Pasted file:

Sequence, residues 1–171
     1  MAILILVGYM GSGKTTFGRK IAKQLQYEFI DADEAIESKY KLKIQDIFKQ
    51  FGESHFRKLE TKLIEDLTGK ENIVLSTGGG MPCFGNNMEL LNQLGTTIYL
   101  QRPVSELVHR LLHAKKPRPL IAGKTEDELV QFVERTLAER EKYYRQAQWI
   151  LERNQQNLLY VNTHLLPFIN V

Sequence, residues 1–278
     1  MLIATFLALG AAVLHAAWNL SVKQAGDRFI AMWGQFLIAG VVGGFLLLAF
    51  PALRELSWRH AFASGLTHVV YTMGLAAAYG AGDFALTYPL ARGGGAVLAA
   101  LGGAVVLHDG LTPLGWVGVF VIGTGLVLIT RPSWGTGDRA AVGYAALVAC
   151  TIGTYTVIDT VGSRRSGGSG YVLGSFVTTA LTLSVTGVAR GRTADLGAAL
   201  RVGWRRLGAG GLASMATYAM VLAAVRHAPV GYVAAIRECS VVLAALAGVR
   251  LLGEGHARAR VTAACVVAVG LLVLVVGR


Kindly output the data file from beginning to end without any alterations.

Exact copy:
Sequence, residues 1–171
     1  MAILILVGYM GSGKTTFGRK IAKQLQYEFI DADEAIESKY KLKIQDIFKQ
    51  FGESHFRKLE TKLIEDLTGK ENIVLSTGGG MPCFGNNMEL LNQLGTTIYL
   101  QRPVSELVHR LLHAKKPRPL IAGKTEDELV QFVERTLAER EKYYRQAQWI
   151  LERNQQNLLY VNTHLLPFIN V

Sequence, residues 1–278
     1  MLIATFLALG AAVLHAAWNL SVKQAGDRFI AMWGQFLIAG VVGGFLLLAF
    51  PALRELSWRH AFASGLTHVV YTMGLAAAYG AGDFALTYPL ARGGGAVLAA
   101  LGGAVVLHDG LTPLGWVGVF VIGTGLVLIT RPSWGTGDRA AVGYAALVAC
   151  TIGTYTVIDT VGSRRSGGSG YVLGSFVTTA LTLSVTGVAR GRTADLGAAL
   201  RVGWRRLGAG GLASMATYAM VLAAVRHAPV GYVAAIRECS VVLAALAGVR
   251  LLGEGHARAR VTAACVVAVG LLVLVVGR